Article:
Posts Tagged 'equity'

Health Equity in New Orleans

There is an awesome post by Dr. Aaron Fox at the Social Medicine Portal highlighting how the two-tiered medical system in place in New Orleans before Katrina completely failed the poor of New Orleans, particularly those with chronic diseases.

In an early study of Katrina survivors, the impact of this impaired access to care is readily seen. 74% of the surveyed population reported a chronic health condition that preceded the disaster. Of this group, 21% needed to disrupt treatment due to barriers to care.

With more uninsured, and fewer sources of care for those without insurance, there was undoubtedly much avoidable suffering.

He continues his analysis,

The reason for health disparities by socioeconomic status or race in New Orleans is not limited to lack of health insuance, and insurance coverage alone without a strong primary care infrastructure would not have increased access to care, however, the two tiered health system that exists in Louisiana, and all across the United States, one that treats patients differently based on ability to pay, leaves a large percentage of the population at increased risk…

If we are going to build a healthy society in New Orleans, and across America, access to high quality affordable health care needs to be considered a right – not just charity.


Public health needs the private sector?

In response to the news of the Bill and Melinda Gates Foundations massive investment in the eradication of polio this week, Terry Kosdrosky at the University of Michigan Ross School of Business wrote an interesting piece about the important role that private corporations can have in investing in health as a public good. Kosdrosky quotes Dr. Tachi Yamada, the president of the Bill and Melinda Gates Foundation Global Health Program:

“If we can’t think of this problem in terms of a moral tragedy, we can think of self-interest,” Yamada said. “From a commercial standpoint, the emerging world is the emerging market. Real opportunity for industries, stable industries throughout the world, is in the developing world — south Asia, Africa.”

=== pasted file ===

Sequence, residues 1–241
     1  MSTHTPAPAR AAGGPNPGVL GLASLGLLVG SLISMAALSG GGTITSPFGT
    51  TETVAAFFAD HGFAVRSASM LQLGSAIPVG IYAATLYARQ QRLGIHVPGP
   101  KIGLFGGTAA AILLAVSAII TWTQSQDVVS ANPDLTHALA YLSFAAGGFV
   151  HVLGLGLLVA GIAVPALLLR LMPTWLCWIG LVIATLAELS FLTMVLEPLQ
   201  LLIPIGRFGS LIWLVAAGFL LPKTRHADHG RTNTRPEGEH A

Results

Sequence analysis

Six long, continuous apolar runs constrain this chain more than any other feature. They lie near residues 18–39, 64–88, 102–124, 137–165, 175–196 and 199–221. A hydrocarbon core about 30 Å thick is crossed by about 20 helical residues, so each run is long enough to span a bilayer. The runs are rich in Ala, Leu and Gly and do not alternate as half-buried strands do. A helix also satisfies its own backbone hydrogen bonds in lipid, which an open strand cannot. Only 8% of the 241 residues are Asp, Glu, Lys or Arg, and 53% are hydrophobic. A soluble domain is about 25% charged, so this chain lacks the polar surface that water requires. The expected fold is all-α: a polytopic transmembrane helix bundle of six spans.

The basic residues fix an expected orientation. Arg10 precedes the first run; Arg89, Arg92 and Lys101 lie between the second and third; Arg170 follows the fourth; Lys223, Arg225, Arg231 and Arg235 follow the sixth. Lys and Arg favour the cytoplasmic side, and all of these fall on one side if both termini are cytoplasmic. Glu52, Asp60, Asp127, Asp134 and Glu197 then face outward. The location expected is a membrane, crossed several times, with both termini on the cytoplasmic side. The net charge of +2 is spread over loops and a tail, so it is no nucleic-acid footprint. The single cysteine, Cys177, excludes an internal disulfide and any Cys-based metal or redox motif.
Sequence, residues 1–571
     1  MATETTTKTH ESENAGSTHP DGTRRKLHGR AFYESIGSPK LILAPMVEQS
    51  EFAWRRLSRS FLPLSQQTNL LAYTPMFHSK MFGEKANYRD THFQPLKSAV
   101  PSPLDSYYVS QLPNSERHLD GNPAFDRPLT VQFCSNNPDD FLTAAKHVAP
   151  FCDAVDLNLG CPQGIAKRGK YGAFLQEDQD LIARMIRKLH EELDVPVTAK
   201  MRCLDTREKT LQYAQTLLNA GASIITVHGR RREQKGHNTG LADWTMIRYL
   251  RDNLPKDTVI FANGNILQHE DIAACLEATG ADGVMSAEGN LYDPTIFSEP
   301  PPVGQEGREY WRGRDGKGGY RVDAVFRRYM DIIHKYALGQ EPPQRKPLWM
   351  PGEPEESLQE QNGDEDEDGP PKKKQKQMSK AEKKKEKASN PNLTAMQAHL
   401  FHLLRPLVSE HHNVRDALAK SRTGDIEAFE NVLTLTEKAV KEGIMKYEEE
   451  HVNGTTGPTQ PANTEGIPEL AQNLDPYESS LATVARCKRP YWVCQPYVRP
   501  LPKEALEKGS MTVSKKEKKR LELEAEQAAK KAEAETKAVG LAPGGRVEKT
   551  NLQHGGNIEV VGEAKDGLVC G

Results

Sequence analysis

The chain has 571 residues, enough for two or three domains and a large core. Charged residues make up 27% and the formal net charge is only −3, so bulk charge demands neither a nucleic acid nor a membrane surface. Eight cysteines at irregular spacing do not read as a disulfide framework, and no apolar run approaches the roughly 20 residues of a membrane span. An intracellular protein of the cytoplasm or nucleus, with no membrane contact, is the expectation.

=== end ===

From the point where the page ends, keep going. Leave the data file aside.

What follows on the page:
Kosdrosky goes on:

“From an economic perspective, not solving these problems will deprive businesses of a huge market, now and in the future, as mature markets see slower growth.

…there are limits to what even well-funded government programs can do. For example, Yamada recently visited a clinic in a remote part of Ghana. It was well-staffed, the professionals were well-educated, and it was fully equipped with medicine. The county has a national health insurance plan. But the clinic was only seeing about 150 people a month, or five a day.

A visit to a nearby village showed him why. The people there said very few of them went to the clinic for several reasons. For one, it took a long time to be seen because of red tape associated with the national health insurance program. If you pay cash, you can be seen right away, but the cost is prohibitive. Second, a medicine seller came by the village every so often. People would report their symptoms and he’d sell them medicine at low prices.

It tells you the public sector by itself can’t do it,” Yamada said. “It’s necessary, but not sufficient, to deliver care… The delivery channels for care are there for the private sector in a way they’re not available to the public sector.”

Of course, coming from a business school,  Terry Kosdrosky emphasizes using market forces to drive the creation of efficient health systems. I have no doubt that engaging the private sector and leveraging massive corporate resources will be essential to building true global health equity. But, I think that the fundamental position that patient = customer, or that we are all consumers of health care as a product, is fundamentally flawed. In my mind it conflicts directly with the notion that health is a fundamental human right.

How can we use market forces to drive the efficiency and quality of health systems without erroding our ultimate goal of equity?


Welcome to the Students for Global Health Equity (SGHE) blog. Published by university students, the SGHE blog seeks to explore news and issues related to global health.

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